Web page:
As Royal Mail shares started conditional dealings on the London Stock Exchange this morning the demand was so high the share price rose substantially. We answer five questions on the latest news about Royal Mail’s stock exchange debut.
By how much has Royal Mail’s shares risen by?
They rose more then 38 per cent to 456p at the start of conditional dealings on the London Stock Exchange.
The oversubscribed sale price was at 330p per share with a total value for the business of £3.3bn, however, after trading began its value shot up by £1.1bn.
Did the shares stay at this price?
No, by midday they had fallen to 435p.
The shares are listed officially next Tuesday, but City institutions began conditional dealings on Friday.
Does this initial spike mean the company has been undervalued?
Business Secretary Vince Cable has insisted the tax payer is getting a good deal with the sale price of Royal Mail. However, some have called it a "sham".
Communication Workers Union, Billy Hayes, speaking to BBC Radio 4's Today, described the sell-off as "a tragedy".
He added: "This is a sham, really. The company has been undervalued.
"It's basically David Cameron rewarding his mates in the City. Vince Cable, one of the cleverest men in British politics, has made one of the stupidest decisions he is ever likely to make as a politician."
What else has Cable said?
Also speaking on today’s BBC Radio 4's Today: “You get an enormous amount of froth and speculation in the aftermath of a big IPO [initial public offering] of this kind.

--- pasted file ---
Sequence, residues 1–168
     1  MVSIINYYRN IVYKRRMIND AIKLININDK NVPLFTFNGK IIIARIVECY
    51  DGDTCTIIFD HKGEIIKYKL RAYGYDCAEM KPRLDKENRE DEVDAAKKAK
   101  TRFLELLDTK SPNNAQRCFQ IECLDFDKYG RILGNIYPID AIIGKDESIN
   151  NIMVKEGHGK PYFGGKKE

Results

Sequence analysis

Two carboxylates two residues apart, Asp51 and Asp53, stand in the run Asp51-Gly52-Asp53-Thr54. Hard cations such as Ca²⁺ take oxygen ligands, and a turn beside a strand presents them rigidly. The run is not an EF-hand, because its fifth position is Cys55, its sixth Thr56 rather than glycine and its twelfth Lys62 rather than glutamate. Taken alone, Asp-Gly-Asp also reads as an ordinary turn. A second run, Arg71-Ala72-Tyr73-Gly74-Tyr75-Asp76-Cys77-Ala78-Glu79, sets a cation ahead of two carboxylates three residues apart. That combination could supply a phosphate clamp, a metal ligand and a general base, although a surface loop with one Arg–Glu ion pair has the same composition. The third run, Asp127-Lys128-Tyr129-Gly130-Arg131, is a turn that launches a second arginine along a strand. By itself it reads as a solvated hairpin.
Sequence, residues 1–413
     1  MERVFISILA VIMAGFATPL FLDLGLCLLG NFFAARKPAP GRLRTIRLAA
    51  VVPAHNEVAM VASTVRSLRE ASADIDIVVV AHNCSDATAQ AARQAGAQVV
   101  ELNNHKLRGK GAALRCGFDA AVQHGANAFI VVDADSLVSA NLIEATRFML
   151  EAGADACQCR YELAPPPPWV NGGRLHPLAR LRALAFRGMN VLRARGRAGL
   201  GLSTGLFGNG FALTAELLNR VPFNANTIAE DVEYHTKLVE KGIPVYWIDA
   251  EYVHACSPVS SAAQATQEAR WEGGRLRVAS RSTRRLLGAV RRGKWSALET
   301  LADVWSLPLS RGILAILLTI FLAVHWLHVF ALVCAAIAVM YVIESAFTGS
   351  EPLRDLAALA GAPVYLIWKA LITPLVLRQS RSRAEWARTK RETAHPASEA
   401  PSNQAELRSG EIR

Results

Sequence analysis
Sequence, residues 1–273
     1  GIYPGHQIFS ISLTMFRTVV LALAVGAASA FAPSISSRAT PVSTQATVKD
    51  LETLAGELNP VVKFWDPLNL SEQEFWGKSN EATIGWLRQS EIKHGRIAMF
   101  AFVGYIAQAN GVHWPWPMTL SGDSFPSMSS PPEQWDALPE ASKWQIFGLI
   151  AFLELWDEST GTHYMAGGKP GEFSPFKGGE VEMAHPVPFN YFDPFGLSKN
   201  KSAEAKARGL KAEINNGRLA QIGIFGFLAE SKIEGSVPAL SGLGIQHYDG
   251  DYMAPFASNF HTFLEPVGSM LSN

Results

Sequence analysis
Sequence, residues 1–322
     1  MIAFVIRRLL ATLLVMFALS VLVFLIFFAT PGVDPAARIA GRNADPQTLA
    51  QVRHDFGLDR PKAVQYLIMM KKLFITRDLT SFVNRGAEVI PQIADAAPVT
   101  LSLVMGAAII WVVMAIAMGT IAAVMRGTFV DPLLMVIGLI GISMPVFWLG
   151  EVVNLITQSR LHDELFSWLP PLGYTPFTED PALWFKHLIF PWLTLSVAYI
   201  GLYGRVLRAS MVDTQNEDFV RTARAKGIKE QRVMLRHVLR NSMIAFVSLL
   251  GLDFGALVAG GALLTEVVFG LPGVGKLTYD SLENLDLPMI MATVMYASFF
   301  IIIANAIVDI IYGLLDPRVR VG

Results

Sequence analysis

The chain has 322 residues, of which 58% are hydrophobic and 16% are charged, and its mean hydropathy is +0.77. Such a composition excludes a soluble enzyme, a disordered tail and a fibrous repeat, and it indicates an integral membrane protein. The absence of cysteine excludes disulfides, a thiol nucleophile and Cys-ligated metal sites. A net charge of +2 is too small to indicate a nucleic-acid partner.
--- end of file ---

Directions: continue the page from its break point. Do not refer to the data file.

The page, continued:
"The bulk of the shares have gone to long-term institutional investors, stable investors, some overseas investors, but mainly British pension funds and insurance companies who are there for the long term.
"The objective of the exercise, which fits in with what we want for the Royal Mail, is to make sure it has stable, long-term investors."
The demand has caused endless trouble for broker Hargreaves Lansdown whose system has buckled under the heavy demand to trade Royal Mail shares.
Ian Gorham, the company’s chief executive, issued a statement saying:
“Whilst clearly we predicted and prepared for substantial activity in Royal Mail shares, the volumes involved have gone off any conventional scale.
“We have six times the normal number of dealing staff working today, and continue to work hard to deal with the demand. We will keep working flat out until our normal fluent service is restored. We’d like to apologise to our clients for any issues they have experienced this morning.”